Employers have embraced API technology (even if they didn't know what to call it) to assemble best-in-breed solutions in a unified platform that delivers a quality experience. These solutions are typically available for a fee through an HR technology service provider’s "app marketplace," which offers pre-built API integrations that connect with other software providers, giving employers lots of quality choices (alongside some poor and mediocre choices).

While HR tech service providers and carriers are becoming more knowledgeable about APIs, most employers still have a limited understanding of the technology.

Be an informed buyer on API technology

While all this is good news, there are two downsides to API technology as it currently exists. The first is that there continues to be a lot of marketing hype and miscommunication on the part of the HR service providers, which can result in employers making poor buying decisions because they don't fully understand the technology.

Our consultants regularly encounter sales teams and marketing literature that incorrectly refers to a traditional file transfer (think an employee census file being sent from a payroll system to a benefits administration system) as an API. A file transfer is a type of integration, but it is not an API. This erroneous labeling also extends to offerings in app marketplaces. Partners in the app marketplace might be working towards real-time integration, but they sometimes lack true API technology. In those cases, the integration may not deliver on a buyer's expectations.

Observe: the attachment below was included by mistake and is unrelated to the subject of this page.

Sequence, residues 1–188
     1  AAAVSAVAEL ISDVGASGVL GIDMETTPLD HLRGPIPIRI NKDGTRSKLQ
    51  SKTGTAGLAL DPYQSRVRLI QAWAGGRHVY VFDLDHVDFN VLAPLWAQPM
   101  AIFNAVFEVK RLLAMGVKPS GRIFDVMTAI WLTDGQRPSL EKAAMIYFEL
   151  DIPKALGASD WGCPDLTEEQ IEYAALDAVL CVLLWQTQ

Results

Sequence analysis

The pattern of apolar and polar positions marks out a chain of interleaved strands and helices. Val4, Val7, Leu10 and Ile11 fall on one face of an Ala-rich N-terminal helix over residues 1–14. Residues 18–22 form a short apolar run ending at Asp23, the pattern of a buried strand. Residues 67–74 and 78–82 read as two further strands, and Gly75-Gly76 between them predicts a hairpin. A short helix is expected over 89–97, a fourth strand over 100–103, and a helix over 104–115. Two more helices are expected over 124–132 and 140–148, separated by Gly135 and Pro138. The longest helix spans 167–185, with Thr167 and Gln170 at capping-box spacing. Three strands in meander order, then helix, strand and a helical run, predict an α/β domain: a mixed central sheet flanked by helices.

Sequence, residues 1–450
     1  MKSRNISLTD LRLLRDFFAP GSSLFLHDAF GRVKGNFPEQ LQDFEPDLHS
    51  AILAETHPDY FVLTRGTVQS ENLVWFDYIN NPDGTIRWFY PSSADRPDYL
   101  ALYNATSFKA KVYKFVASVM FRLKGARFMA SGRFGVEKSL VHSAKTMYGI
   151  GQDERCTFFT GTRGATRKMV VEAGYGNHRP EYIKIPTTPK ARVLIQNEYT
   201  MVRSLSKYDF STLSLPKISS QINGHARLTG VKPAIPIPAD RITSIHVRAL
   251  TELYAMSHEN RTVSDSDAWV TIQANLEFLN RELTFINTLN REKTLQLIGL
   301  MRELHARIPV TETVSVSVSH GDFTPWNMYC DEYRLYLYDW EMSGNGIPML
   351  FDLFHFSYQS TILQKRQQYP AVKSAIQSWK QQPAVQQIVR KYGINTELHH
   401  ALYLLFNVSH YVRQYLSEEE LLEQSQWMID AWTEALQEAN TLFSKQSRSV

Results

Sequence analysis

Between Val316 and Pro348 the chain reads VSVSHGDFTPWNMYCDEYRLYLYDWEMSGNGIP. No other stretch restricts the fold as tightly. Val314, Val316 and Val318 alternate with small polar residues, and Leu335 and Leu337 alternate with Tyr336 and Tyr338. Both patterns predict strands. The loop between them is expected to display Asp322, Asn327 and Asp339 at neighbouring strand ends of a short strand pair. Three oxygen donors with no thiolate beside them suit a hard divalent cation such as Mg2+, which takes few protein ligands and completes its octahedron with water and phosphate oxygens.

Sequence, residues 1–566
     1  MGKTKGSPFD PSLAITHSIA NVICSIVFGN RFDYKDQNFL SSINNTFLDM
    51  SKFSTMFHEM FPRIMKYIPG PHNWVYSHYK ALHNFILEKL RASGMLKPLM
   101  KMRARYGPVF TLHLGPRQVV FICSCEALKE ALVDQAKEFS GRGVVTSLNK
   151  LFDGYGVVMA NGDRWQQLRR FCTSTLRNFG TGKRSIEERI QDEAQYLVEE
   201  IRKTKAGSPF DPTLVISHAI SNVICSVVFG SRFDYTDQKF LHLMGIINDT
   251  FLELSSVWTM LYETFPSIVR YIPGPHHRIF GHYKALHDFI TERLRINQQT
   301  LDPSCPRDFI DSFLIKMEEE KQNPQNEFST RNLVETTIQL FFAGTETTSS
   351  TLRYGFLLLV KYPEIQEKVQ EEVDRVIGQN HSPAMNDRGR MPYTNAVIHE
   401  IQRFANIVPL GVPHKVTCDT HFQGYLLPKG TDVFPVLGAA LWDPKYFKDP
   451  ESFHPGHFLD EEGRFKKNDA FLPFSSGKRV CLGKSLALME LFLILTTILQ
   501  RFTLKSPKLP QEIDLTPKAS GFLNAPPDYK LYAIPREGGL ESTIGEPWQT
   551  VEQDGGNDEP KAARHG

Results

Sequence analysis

In a perfect world, providers would all use the same precise terminology to describe their integration technology. But that's not the world we live in, so the onus is on the employer to be a smart buyer and ask questions. To help employers make an informed decision, we encourage them to have an in-depth discussion with potential providers and to ask questions about how data moves between applications, including:

  • What data (at the field level) is moving from one place to another?
    Examples: Moving hiring data from the applicant tracking system to the onboarding system or moving benefit enrollment data from the benefits administration function to the carrier’s enrollment system.
  • What direction does the data move (one- or two-way)?
    Example: Sending payroll census data to a benefits system (one-way) or from a benefits system to payroll for deductions expected to be taken and then back to benefits for deductions actually taken (two-way).
  • How often does the data move?